5. Hands-on science experiments can be as creative as art projects. From growing plants to collecting and observing beetles, there is a lot to learn from nature.
6. Encourage children to play (yes, even your older kids) and surround them with objects that stimulate play. Books, blocks of all shapes and sizes, boxes, balls, puzzles and dominoes are all great, especially when your kids find new and unusual ways to use them
7. Play music and have dance parties! Introduce many different styles by casually switching the radio station from time to time. If possible, take your kids to live musical events.
8. Make mistakes! One of the most important lessons you can teach your children is that mistakes are an important part of learning and discovery. Illustrate this idea in an eraser‑free art-making session where your kiddos are encouraged to ‑ instead of erasing an "error" - change it into something else. Before long, “going with the flow” will become second nature.
9. Drama is a wonderful way to get the creative juices flowing. For shy children, you can use masks or puppets.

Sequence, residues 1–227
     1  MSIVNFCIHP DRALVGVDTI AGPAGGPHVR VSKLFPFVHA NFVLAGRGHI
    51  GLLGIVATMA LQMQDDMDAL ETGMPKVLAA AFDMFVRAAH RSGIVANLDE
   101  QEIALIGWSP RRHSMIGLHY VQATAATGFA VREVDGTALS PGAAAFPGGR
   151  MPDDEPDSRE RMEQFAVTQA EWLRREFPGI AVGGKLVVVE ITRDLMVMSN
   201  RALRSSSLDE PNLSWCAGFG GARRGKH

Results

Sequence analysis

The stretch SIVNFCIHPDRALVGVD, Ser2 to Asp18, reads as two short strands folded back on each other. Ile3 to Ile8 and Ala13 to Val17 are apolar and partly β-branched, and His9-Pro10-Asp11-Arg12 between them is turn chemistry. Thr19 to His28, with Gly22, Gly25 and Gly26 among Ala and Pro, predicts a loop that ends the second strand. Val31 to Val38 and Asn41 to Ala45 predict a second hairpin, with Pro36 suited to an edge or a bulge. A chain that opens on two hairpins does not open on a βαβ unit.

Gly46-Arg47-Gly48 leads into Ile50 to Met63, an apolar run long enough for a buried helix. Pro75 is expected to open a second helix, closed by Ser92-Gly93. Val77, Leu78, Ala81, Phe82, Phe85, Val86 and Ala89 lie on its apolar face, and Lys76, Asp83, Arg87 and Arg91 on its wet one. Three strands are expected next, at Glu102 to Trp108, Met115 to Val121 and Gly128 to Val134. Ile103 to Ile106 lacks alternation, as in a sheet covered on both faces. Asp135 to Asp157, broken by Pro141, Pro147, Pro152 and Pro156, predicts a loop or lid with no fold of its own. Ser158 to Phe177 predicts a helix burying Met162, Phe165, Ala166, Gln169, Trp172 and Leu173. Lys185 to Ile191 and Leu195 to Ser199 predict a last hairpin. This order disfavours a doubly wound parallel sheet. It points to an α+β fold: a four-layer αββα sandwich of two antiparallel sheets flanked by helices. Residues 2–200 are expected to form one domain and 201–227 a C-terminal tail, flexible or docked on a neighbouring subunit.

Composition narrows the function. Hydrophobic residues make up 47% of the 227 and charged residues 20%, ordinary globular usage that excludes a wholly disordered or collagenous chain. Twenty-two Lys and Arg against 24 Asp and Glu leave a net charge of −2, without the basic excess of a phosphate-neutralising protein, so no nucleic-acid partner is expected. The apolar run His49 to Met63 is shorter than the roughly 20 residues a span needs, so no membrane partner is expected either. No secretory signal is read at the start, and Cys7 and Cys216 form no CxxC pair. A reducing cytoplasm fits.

10. Initiate storytelling and/or daydream sessions whenever possible. Children aren’t the only ones who can take part. You’ll feel the benefits as well.
11. Always consider your comments and actions and the long‑term effects they have on a child's ability and willingness to display creative thought. Refrain from “fixing” the drawing your child is working on. Stop yourself from telling her that the flowers are too big and the sky should be blue and not green. Be a cheerleader, not a critic. However, as a cheerleader, you may at times be faced with a losing team. It's important to be as genuine during times of frustration and loss as you are during times of success.